The three referees who unanimously rejected Novak Djokovic’s offer to stay in Australia for the Australian Open have revealed their reasons for the ruling.
In a written statement, the judges held that Immigration Minister Alex Hawke’s removal of Djokovic was unwarranted for concern that the unvaccinated Serbian star could jeopardize public health and order. .
The ruling said the minister could infer that Djokovic’s presence could encourage anti-vax protests, which could aid the spread of COVID-19.
And they note that the minister’s decision also includes the possible influence of the star on those uncertain about whether a vaccine should be given.
“The possible influence on the second group comes from common sense and human experience: An iconic world tennis star can affect people of any age, young or old. , but perhaps especially the young and the impressionists, to imitate him. This is not wishful thinking; it does not need proof,” the ruling said.
The explanation ends one of the most controversial periods in the history of the Australian Open.
The world No. 1 male tennis player was forced to leave the country shortly before the competition after the court found no fault with the decision to cancel the visa of the Minister of Immigration.
This is the second time Djokovic’s visa has been cancelled – the first came within hours of his arrival in Australia on January 5, when Australian Border Force (ABF) officers denied a voluntary waiver His aim from the rule stated that all newcomers must be fully vaccinated.
Djokovic said a previous COVID-19 infection meant he had been granted an exemption, but federal regulations weren’t enough and he was being held in an immigration facility.
The matter went to court and a sole judge ruled the decision “absurd” because he did not have enough time to consult his lawyers. Djokovic was released from custody and continued to train at Melbourne Park in hopes of winning his 21st Grand slam title.
However, a few days later, the government intervened again to cancel his visa, saying the unvaccinated player was a threat to public health and order. The matter has been moved to a higher court and three judges were summoned last Sunday.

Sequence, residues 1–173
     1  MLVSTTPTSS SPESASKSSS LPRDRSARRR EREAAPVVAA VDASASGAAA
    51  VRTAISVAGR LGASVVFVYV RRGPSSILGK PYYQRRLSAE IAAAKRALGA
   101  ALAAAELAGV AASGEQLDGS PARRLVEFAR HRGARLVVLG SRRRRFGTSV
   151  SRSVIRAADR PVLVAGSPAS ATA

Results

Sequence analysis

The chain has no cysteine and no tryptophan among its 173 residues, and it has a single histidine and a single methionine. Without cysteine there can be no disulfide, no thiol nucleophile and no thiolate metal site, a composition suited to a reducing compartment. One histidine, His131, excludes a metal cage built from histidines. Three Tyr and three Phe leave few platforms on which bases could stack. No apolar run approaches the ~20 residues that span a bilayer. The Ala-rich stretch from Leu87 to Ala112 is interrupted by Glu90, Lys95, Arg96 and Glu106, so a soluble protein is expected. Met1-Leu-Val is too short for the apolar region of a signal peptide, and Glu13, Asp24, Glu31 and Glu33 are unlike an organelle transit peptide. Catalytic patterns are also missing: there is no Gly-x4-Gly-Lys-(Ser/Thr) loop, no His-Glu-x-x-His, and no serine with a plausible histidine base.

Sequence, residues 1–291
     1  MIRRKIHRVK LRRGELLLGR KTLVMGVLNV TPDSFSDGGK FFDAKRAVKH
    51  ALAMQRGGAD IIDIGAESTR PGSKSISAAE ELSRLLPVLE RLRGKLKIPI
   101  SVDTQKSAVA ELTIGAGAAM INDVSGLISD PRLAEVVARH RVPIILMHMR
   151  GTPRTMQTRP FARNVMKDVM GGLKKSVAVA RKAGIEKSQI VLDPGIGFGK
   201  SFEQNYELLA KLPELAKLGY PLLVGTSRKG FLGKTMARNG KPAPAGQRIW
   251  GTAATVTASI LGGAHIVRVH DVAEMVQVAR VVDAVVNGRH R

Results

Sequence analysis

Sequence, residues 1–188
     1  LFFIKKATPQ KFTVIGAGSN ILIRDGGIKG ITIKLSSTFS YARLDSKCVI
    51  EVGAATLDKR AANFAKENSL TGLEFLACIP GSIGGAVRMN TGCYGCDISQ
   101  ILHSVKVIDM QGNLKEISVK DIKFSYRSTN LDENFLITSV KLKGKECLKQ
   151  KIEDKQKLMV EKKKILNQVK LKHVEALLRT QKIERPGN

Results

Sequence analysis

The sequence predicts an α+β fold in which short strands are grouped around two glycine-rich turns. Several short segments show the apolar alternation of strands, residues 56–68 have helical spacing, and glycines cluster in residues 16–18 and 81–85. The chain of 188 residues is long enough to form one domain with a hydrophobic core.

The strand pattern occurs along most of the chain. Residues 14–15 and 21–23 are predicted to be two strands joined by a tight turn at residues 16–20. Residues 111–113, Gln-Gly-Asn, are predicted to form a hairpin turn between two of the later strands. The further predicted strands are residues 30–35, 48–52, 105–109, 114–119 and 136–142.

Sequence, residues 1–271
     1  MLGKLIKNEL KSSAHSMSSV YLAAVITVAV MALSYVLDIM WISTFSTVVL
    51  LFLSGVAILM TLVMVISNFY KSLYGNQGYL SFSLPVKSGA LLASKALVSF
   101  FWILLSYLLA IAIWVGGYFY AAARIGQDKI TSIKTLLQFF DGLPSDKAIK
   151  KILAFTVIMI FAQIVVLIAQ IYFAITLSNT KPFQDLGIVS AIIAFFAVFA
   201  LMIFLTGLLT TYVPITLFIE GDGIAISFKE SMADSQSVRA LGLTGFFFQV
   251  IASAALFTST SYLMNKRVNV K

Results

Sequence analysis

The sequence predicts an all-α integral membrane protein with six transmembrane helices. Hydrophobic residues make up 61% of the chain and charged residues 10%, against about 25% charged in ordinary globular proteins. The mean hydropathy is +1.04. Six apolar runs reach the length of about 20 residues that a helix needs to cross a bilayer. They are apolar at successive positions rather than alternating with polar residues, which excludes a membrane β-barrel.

Djokovic’s legal team does not dispute the merits of the Minister’s decision, only arguing that he made a mistake of authority under the country’s immigration laws.
On Sunday, the referees ruled there was no fault and Djokovic agreed to leave.
In a statement, the player said he was “disappointed” with the decision but respected the court’s decision. That night, he left Melbourne on his way to Serbia, where he received a hero’s welcome.
Serbian Prime Minister Ana Brnabic said Australia’s treatment of this star was “notorious”. Brnabic told CNN on Wednesday that she doesn’t know why Djokovic isn’t vaccinated, but added that she doesn’t believe he is an anti-vaxxer.
“He’s in favor of vaccinating people who want to be vaccinated. So I don’t consider him anti-vaxxer,” she said.
In a statement shortly after Sunday’s ruling, Djokovic’s family blamed the decision on politics.
“It’s not just a matter of sport and playing at the first Grand Slam of the season, dominated by Novak for a decade now, but politics and all interests take precedence over sport.” the statement said.
Under Australian law, Djokovic could be banned from entering the country for up to three years, although Home Affairs Minister Karen Andrews has not ruled out an exemption. “Any application will be considered for what it’s worth,” she said earlier this week.
On Tuesday, Tennis Australia expressed regret that the visa dispute had distracted players from the tournament.
“We deeply regret the impact this has had on all the players,” the statement said. “There are always lessons to be learned, and we’ll be looking at all aspects of the preparation and implementation process to inform our plans – as we do every year. That process is always there. begins after the Australian Open champions have lifted their titles.”
The Great Battle ended on January 31.